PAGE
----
4 SIGNS YOU ARE UNDERWATERING
    Underwatering is caused by 3 possible factors: not watering at all; not giving your houseplants enough to drink when watering; or watering incorrectly in relation to the environment that the indoor plant is placed in (warmth, light etc). Luckily the adage “It is easier to save an underwatered plant compared to an overwatered plant" is true - but don't starve your plant babies either. Here are the signs that you are underwatering house plants:

    • Wilting or Curling leaves: Plants need water to keep their structure intact and, as they lose water, they become limp or less structured resulting in wilting and leaf curl. These symptoms can also be caused by overwatering, so be sure to check your watering schedule and average soil moisture before making the call between over or under-watering.  
    • Browning or crisping foliage: Crisp edges on foliage can be a sign of low humidity, however, it is best to check the soil should you find larger part of the leaf browning / crisping. If your soil is often very dry (and your plant is very light when you lift it up) you may be consistently underwatering your plant which will lead to lacklustre plant colouring and eventual death. Give your plant a drink! 
    • Soil pulling away from the side of the planter: Soil that has pulled away from the edges is an easily identifiable sign of a plant that needs water, and as above, if you often or always find your soil in this position you may be guilty of underwatering. Lack of moisture in the soil results in reduced volume (soil and water) in the pot, thus causing the soil to pull away from the sides of your pot. NOTE: Not all soil binds together and looser mixes will simply fall into the spaces created and you will be left with a pot plant with soil that has seemed to ‘disappear’. A crisp top layer can also accompany dry soil. As before, if this is happening on a regular basis, you run the risk of depriving your plant of sufficient water.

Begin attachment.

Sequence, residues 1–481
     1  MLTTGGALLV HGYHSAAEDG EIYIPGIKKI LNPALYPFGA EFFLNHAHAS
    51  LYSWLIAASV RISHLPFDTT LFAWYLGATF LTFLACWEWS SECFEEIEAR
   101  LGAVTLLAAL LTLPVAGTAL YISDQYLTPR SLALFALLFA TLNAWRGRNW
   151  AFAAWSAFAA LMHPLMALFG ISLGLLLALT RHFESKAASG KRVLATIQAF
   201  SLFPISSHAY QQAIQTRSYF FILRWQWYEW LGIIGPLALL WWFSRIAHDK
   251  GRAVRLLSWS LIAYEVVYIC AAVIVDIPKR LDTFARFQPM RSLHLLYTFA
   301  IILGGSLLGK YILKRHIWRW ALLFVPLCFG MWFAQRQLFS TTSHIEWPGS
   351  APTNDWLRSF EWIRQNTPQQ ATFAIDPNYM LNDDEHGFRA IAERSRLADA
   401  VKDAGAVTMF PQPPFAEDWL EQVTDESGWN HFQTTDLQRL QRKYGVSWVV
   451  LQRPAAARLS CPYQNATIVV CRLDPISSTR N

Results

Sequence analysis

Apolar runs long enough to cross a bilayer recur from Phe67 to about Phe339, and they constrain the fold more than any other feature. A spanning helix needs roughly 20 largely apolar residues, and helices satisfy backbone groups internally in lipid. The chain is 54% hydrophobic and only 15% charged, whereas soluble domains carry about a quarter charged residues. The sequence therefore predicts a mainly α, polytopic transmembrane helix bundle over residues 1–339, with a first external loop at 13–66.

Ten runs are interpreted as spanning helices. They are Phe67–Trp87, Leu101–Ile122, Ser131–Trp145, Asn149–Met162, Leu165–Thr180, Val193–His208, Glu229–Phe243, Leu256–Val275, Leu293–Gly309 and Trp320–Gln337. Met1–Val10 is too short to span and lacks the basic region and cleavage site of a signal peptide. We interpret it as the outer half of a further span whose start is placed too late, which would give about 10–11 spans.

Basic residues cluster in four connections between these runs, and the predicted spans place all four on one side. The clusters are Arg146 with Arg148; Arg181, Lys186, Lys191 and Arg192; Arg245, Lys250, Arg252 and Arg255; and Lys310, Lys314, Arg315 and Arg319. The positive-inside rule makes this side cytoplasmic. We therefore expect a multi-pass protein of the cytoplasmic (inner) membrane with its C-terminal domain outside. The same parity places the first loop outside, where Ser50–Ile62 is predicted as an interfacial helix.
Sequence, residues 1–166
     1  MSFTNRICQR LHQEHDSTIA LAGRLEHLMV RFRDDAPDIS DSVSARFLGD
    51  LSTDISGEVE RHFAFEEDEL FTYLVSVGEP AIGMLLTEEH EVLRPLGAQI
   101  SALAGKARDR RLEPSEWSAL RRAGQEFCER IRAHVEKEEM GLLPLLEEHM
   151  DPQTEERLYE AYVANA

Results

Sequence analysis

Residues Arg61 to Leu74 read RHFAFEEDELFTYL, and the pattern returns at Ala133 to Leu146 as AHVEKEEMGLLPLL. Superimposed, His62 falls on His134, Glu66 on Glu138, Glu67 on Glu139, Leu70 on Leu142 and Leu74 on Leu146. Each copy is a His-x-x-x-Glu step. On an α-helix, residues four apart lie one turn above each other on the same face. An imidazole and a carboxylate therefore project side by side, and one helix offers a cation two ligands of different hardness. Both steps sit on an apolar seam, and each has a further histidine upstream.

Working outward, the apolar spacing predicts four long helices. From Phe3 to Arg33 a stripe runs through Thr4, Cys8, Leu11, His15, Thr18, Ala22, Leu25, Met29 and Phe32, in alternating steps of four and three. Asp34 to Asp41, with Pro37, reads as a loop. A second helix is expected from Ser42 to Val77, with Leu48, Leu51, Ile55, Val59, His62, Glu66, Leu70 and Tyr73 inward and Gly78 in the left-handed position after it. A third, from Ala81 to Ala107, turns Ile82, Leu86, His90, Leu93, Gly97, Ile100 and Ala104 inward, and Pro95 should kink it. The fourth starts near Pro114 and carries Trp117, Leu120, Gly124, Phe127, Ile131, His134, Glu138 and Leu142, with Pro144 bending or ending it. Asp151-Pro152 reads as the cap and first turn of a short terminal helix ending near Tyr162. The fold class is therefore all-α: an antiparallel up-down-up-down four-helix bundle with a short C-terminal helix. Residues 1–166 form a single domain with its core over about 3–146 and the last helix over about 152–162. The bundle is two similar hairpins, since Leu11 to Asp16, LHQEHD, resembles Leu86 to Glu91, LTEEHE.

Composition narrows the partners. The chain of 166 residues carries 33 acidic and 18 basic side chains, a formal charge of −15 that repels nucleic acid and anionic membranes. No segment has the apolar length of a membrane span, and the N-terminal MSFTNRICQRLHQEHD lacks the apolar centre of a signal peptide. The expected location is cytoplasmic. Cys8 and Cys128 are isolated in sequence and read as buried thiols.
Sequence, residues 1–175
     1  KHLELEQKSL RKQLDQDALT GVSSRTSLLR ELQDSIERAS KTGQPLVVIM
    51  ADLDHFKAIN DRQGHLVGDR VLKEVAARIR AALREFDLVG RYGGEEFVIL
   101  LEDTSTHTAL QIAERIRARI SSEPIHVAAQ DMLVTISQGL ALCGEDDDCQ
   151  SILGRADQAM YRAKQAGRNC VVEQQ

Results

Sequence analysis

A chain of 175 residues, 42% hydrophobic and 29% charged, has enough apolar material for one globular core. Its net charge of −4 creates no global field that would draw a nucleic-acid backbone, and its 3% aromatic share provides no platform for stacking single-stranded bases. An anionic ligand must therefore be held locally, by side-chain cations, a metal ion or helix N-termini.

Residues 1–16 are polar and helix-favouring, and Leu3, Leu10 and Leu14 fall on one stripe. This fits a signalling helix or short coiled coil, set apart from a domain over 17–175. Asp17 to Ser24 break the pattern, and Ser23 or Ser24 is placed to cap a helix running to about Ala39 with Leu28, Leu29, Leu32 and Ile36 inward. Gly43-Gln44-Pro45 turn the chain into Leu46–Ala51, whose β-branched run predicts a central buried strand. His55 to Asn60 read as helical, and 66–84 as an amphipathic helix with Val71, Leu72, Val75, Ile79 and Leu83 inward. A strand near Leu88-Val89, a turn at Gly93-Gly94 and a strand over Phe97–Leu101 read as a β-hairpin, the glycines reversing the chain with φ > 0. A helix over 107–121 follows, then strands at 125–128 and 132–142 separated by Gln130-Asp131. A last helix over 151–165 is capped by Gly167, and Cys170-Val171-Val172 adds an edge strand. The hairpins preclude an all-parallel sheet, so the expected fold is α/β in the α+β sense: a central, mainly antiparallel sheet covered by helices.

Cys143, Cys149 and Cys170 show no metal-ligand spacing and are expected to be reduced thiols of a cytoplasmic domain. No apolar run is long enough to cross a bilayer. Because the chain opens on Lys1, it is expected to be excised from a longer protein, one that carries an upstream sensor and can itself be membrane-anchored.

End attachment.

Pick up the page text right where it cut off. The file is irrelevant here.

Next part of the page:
• Pests: As with overwatering, pests are an indication that there is something not quite right with your houseplants. If you identify pests such as Spider Mite, which thrive in dry, warm conditions, Mealy Bug (especially on moisture-loving plants like Calatheas or Alocasias) then this may be an indication that you are not watering sufficiently. Learn more on How to Identify House Plant Pests here. To deal with the pests make sure you are watering your plant correctly and then we suggest using Pyrol (an organic pesticide) to eradicate the pests.

    A very effective antidote to prolonged or drastic underwatering is placing the plant pot in a bucket or sink of water (let it sit in a puddle of water a few centimetres deep) and allow it to soak for 20 minutes or until the soil is sufficiently saturated. After this deep drink, readjust your watering schedule to ensure that you are not under or over-watering your plant going forwards.

    IN SUMMARY

    When it comes to watering your houseplants, finding a routine that works for you, your plants and your environment is of utmost importance. Watering is about balance, a dance between yourself and your plants in its environment.

    We encourage you to take the time to notice what your plants need and how they respond. In this way you will start to learn what your plant is trying to communicate. 

    Happy Plant Parenting!